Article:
Crimea is the most serious potential conflict in postrevolutionary Ukraine. The crisis could lead to a hot war in Ukraine and dramatically increase tensions between Russia and the West—no effort should be spared to avert this scenario.
Russia is demanding to be treated as an equal partner in its relationship with the EU, but Brussels had long ignored this shift, and EU-Russian relations have stagnated as a result. It is time for a fundamental rethink of the EU’s Russia policy.
The debate over the long-term direction of the European political experiment will take center stage in 2014.
Any peaceful solution for Syria will hinge on a compromise that brings a transitional government to Damascus.
In the eyes of the West, Ankara fluctuates on international issues and displays a lack of consistency in dealing with its allies. Why is Turkey’s foreign policy so erratic?
The Syrian war is being played out in Moscow, Tehran, and Washington. To achieve further progress, the three capitals cannot avoid working together on a diplomatic solution.
For Turkey, the U.S.-Russian agreement on Syria’s chemical weapons is at best incomplete and at worst a distraction from the real political goal: removing Assad from power.
Despite areas of potential friction between Berlin and Washington, the fruitful transatlantic relationship of the last seventy years looks set to continue after Germany’s election.
Will the next German government finally assume the role of Europe’s political leader? Substantial change in Germany’s approach is unlikely—unless the euro crisis gets even worse.
Warsaw wants more of the same from Berlin. But the depth of Polish-German relations will depend on Germany maintaining its role as the guardian of cohesion in the EU.
Germany will take a low-cost, low-risk approach to the management of international peace and security no matter who governs the country.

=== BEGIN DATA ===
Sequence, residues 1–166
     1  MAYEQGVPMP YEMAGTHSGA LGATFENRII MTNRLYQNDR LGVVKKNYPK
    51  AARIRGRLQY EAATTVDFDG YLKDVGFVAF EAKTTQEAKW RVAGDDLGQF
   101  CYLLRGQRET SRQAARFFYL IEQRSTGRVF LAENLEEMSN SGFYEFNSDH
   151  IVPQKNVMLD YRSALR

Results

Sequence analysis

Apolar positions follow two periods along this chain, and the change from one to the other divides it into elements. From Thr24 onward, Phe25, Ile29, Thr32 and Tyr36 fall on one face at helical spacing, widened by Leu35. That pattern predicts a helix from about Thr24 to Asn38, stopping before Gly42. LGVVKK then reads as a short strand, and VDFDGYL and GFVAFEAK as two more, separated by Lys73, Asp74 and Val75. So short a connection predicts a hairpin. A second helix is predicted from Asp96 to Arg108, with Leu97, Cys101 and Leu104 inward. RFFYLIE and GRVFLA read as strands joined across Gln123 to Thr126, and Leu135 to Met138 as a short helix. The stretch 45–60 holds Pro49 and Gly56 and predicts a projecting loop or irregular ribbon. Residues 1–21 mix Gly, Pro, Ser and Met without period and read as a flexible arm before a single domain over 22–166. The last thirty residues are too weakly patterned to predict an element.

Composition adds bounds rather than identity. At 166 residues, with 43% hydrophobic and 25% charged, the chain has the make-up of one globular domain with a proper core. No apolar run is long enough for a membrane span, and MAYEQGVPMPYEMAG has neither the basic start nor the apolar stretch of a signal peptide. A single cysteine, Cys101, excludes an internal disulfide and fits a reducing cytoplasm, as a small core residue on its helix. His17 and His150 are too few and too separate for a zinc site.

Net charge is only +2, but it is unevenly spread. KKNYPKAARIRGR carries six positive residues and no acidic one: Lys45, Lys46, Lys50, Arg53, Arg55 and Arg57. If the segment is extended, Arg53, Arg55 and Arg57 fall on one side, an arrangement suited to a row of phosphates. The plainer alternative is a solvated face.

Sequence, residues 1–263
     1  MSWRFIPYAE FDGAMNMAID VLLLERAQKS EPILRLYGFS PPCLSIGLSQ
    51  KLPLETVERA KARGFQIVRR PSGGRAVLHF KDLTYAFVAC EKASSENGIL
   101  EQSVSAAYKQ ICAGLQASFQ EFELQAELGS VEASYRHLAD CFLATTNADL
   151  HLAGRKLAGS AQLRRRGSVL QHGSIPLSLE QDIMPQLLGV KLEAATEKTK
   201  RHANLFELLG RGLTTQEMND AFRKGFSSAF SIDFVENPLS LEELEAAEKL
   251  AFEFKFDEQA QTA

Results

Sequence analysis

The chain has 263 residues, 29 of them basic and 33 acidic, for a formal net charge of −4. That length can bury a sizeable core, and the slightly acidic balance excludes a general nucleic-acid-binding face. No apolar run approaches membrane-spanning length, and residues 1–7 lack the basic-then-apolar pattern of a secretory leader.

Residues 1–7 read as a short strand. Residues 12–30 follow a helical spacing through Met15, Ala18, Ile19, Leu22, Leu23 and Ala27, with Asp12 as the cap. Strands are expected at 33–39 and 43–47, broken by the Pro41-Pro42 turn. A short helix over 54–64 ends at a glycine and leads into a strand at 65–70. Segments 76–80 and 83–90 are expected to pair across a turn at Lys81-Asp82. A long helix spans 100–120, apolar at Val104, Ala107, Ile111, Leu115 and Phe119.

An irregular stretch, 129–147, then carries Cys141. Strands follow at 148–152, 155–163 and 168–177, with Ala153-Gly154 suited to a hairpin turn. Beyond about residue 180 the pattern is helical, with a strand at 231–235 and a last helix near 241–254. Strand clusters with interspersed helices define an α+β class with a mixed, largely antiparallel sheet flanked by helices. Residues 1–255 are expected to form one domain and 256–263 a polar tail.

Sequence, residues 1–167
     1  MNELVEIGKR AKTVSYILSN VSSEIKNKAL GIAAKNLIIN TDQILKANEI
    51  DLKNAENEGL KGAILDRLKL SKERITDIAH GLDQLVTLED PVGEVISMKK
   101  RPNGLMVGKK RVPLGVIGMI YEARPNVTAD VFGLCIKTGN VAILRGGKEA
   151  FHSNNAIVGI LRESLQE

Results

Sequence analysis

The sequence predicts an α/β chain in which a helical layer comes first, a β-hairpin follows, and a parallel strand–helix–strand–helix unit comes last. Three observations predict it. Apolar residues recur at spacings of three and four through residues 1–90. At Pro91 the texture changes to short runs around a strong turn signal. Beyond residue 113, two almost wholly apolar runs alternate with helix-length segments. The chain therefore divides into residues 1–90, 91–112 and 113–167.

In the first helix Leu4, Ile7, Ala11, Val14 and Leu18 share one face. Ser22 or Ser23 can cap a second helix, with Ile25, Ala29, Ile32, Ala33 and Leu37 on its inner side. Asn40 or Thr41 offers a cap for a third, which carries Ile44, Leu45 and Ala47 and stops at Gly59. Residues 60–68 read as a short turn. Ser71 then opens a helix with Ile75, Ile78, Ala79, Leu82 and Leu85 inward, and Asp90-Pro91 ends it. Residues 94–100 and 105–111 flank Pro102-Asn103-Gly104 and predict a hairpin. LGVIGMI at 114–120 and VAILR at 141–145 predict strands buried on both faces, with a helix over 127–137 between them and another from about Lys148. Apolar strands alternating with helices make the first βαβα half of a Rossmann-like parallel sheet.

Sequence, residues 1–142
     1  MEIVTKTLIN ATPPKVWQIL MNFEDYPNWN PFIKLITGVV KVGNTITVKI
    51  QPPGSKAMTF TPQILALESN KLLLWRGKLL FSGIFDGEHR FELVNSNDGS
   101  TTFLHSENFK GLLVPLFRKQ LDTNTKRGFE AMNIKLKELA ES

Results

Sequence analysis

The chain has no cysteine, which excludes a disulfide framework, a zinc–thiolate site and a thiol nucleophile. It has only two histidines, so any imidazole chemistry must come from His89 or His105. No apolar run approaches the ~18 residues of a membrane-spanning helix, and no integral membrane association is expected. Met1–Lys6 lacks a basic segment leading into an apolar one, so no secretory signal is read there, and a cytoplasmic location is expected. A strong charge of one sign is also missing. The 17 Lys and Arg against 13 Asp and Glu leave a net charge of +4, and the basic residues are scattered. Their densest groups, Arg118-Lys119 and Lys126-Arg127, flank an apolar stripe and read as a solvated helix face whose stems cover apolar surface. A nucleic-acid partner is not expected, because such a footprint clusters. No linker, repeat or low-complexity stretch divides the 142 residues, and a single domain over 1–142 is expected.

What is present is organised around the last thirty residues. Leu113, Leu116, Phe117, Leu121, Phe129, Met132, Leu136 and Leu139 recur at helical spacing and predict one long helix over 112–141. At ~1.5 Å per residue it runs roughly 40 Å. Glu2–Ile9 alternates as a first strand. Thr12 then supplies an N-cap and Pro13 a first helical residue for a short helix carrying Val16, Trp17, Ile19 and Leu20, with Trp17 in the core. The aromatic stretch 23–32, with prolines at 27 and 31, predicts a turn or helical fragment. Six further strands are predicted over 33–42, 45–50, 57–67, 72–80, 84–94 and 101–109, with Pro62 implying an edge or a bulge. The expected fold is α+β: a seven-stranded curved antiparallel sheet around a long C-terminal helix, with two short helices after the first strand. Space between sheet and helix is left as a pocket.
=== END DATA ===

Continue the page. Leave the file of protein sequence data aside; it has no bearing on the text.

Misunderstandings surrounding the Meseberg Memorandum on Transdniestria and EU-Russian security cooperation testify to the difficulties of Russian-Western communication.
The Euro-Atlantic security community is the most successful to date. But can it rise to the challenge of integrating post-Soviet nations—perhaps even Russia itself?
Germany is the EU’s indispensable power, and an assertive Chancellor Merkel is getting tough with almost everyone. But Berlin is still not thinking strategically.
The issue of urban regeneration in Turkey has morphed into a nationwide political problem. It is now the symbol of the country’s contested style of democratic management.
The EU has the opportunity to forge a more effective policy in the Eastern Partnership region. Now it needs to harness the courage and vision to make a real difference.
Embroiled in the spillover from the Syrian conflict, Jordan faces an enormous challenge. The country must focus on political and economic reforms, and needs outside help, too.
Turkey and the United States should promote a regional initiative on Syria that includes Iran if they are to prevent the crisis from further undermining regional stability.
The permanent members of the UN Security Council must work together to transform the fragile U.S.-Russian step toward peace in Syria into a full agreement.
The Dutch have not suddenly become Euroskeptics. The Netherlands has always been reserved toward Europe. It has just managed, for a long time, to hide it.